Disclosure: This post may contain affiliate links. I earn a small commission of product sales to keep this website going.
“Zephyr” means “a gentle breeze,” but that’s far from what I found in Chicago when I arrived from California on Amtrak’s California Zephyr on January 29th.
Cold, Colder, Coldest
I scheduled my winter California Zephyr trip to Chicago a couple of weeks in advance. I knew it was going to be cold in late January, but with each day closer to the trip, the forecasted lows in Chicago began to look out of the ordinary.
Curious about my California Zephyr project? Read about it here!
We were mostly on time during the three days of travel, until passing through Mendota, Illinois. We didn’t know why we were stopped, but the minutes turned into hours. The temperature outside was below zero by that point (-20C for the rest of the world). I could barely make out the outlines of nearby barns through the blowing snow, signaling that the wind chill was much colder. It turned out that the snow plow in front of the engine had somehow become lodged under the engine. It was fixed after a few hours and we finished the final 90 minutes to the city.
Fifty-three hours after leaving Truckee we pulled into Chicago’s bitterly cold Union Station, five hours late.
I briskly walked a couple of blocks to my hotel, took a long-awaited hot shower, and went down to the attached pub for a cocktail and dinner.
The first phone call I received while I was sitting at the bar was my credit card’s fraud department asking me if I just tried to purchase gasoline at a 7-11 in Glendale, California. I explained that I was in Chicago, and the only credit card I brought on this trip was canceled. I hope nothing else goes wrong!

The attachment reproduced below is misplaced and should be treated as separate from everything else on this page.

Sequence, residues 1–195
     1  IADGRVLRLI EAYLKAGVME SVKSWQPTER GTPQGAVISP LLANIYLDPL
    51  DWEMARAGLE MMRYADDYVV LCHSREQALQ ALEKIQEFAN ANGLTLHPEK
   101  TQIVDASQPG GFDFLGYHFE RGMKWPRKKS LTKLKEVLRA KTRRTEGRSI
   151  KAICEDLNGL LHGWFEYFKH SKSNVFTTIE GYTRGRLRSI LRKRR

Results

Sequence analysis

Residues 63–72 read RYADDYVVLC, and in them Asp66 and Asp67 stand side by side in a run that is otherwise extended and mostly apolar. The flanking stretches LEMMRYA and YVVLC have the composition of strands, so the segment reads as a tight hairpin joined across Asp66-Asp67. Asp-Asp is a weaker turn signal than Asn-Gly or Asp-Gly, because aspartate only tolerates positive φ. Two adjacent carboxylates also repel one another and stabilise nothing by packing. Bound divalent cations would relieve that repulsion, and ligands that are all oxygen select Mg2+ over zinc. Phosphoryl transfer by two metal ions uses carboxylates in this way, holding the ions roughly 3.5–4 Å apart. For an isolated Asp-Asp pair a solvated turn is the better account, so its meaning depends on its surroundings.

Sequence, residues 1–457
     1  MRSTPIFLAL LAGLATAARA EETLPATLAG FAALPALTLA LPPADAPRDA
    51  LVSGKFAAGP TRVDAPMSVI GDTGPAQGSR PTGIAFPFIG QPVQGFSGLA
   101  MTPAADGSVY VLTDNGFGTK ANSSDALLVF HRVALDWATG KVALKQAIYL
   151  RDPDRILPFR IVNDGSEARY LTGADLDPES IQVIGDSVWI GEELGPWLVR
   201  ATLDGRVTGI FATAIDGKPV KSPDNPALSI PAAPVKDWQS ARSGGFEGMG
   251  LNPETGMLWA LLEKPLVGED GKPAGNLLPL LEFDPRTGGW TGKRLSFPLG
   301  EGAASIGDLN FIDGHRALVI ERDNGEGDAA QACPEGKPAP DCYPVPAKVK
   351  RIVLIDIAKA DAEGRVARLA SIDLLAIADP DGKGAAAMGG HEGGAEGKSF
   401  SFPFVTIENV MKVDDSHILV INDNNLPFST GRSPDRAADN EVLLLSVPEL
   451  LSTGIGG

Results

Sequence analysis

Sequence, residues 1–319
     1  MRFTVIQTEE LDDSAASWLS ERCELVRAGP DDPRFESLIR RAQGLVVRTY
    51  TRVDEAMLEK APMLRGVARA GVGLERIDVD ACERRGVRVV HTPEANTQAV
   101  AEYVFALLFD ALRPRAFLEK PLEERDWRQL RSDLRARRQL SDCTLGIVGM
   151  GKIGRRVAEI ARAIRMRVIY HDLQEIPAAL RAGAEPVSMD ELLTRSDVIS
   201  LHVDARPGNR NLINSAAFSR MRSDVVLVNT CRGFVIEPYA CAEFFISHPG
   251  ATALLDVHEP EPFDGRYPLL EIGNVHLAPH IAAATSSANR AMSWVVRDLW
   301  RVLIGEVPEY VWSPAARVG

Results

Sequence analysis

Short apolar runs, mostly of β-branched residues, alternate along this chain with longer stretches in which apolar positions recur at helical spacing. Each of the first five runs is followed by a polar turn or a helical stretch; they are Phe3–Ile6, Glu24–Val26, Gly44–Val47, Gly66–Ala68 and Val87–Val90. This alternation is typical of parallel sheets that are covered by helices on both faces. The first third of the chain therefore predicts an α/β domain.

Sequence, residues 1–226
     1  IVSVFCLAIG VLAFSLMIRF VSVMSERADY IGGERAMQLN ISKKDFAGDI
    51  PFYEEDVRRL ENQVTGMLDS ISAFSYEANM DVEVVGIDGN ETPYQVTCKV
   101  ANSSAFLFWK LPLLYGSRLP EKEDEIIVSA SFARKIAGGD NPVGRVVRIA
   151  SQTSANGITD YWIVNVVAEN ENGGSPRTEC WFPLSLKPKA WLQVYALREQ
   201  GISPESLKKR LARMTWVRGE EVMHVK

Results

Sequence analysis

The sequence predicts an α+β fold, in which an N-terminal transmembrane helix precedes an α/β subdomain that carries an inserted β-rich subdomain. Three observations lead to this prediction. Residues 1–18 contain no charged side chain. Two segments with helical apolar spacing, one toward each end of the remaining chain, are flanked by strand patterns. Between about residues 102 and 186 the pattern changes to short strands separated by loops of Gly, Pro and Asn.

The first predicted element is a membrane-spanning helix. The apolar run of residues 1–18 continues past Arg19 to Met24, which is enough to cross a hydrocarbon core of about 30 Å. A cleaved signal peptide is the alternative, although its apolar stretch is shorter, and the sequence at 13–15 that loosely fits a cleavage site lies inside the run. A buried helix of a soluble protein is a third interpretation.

Then I immediately received the next phone call. It was Amtrak notifying me that all services tomorrow were canceled due to the extreme cold. This was thankfully one of the few times I purchased travel insurance.
Now many people asked me why I was only spending 24 hours in Chicago, just to turn around and get right back on the train again. First, come on, it’s January. Second, there’s no way to avoid using that cliché…this project is about the journey, not the destination. I will spend a couple of nights on a future trip when it’s warmer, giving me time to explore the city.
So what was I to do with an extra 24 hours in Chicago? Nothing. The whole city was shut down. Wind chills approached -60F. The pub next door was the only one open in that area of the financial district, so I grabbed a seat at the bar and held on to it most of the day. Barstools in this place were at a premium. I watched on CNN as rail crews placed ropes soaked in kerosene along the track’s switching mechanisms throughout the city and lit them on fire to prevent cold damage.
The crews did work extremely hard to get the long-distance routes back up and running the following day. We were rolling out of Chicago right on time, westbound back to California, only a day late.
We did encounter a few cold-related delays immediately after leaving Chicago. One of the switching mechanisms in the Chicago suburbs was frozen, so we waited about 30 minutes as this was thawed. Then right after crossing the frozen Mississippi River, one of the many freight trains making up lost time broke down on the tracks in front of us. We were stopped for three hours as they tried to clear the track for us. A number of other smaller delays put us back in Truckee nearly five hours late.
Or I should say, 29 hours late. When I left for Chicago there was a small storm forecasted to begin in Lake Tahoe on Saturday. A couple inches of snow at high elevations. No worry, I’d be arriving on Friday before the storm. But by the time I was on my way back for a Saturday arrival, that couple of inches became eight feet of snow at the passes. Great, will I be stuck in Truckee because I can’t even drive the hour back home? Fortunately, the storm slowed down enough for me to sneak into my driveway just as the heavy snow started, and it didn’t stop for over 48 hours.